Girl Scouts puts emphasis on STEM programs
From Contributed Reports
Monday, May 14, 2018
Over the past 106 years, Girl Scouts has encouraged girls to break down barriers and pursue interests in fields where women are often underrepresented with programming in the sciences, outdoors and more.
As early as 1913, Girl Scouts had badges such as Bee-Keeper, Electrician, Rock Trapper and Star Gazer, showing commitment to helping develop skills and passion in the STEM fields. Today, Girl Scouts continues to provide exciting and innovative STEM (Science, Technology, Engineer, Math) programming to help girls develop new skills and discover strengths they did not know they had.
To celebrate all things STEM, Girl Scouts is highlighting new badges and events that facilitate girl-led STEM activities that encourage cooperative learning and learning by doing.
Girl Scouts-North Carolina Coastal Pines offers numerous STEM events throughout the year so that girls can get hands-on STEM training from professionals. One such event is TechnoQuest, where girls learn about specific STEM careers by meeting female STEM professionals and completing fun educational activities together.
Another popular event is MarineQuest, where girls explore the marine habitats of the coast and participate in lab experiments with the UNCW Center for Marine Science. Events like these fully immerse girls in the fields of science, technology, engineering and math, so that they are familiar with STEM and see that they can change the world like the professionals they learn from.
Additionally, during the 2018-19 Girl Scout Program year, Girl Scouts will be rolling out new badges where girls can unleash their inner innovator and complete age-appropriate activities in fields like cyber security and robotics. Girl Scouts has also partnered with NASA’s SETI Institute to offer new Space Science badges for girls that ranges from Space Science Explorer for Girl Scout Daisies (ages 5-7) that gives them a foundation of basic space knowledge, to Space Science Master for Girl Scout Ambassadors (ages 16-18), which engages them in their own explorations of space based on research NASA scientists are conducting. Another badge partnership includes Palo Alto Networks with CyberSecurity badges, which teaches girls to be problem solvers in the field of computer science.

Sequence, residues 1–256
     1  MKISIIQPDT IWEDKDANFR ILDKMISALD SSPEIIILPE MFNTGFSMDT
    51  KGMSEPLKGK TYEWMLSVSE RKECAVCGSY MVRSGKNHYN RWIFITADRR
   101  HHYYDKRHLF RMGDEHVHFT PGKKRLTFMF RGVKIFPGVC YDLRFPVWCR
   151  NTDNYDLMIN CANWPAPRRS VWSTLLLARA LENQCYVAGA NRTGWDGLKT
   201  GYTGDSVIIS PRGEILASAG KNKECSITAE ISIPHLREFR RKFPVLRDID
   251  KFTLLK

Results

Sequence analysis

According to the Girl Scout Research Institute, 77 percent of girls say that because of Girl Scouts, they are considering a career in technology. Studies show that around the middle school age, girls are likely to lose interest in STEM. By familiarizing girls early and consistently in STEM throughout their Girl Scout experience, girls are more likely to continue to further pursue opportunities in these fields.
STEM is not only a focus for the movement but also a passion of the CEO of Girl Scouts of the USA, Sylvia Acevado. A rocket scientist and leading STEM advocate, Acevado is proof that through Girl Scouts, girls can achieve anything that they set their mind to and can make an impact through STEM. Acevado is leading GSUSA in a Girl Scout STEM Pledge that seeks to reduce the STEM gender gap by raising $70 million for STEM programming, impacting 2.5 million girls by 2025.
To learn more about the Girl Scouts STEM pledge, log on to http://blog.girlscouts.org/2017/11/the-girl-scout-stem-pledge-bridging.html.